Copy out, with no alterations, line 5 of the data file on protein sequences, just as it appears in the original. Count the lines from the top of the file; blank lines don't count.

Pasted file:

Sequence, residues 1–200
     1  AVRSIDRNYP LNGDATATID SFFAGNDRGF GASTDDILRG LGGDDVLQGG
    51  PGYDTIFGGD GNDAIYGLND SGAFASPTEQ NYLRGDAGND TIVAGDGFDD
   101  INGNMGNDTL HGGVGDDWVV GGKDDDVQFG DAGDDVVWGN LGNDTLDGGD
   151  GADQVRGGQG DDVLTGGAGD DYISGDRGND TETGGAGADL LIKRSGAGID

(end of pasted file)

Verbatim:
   151  GADQVRGGQG DDVLTGGAGD DYISGDRGND TETGGAGADL LIKRSGAGID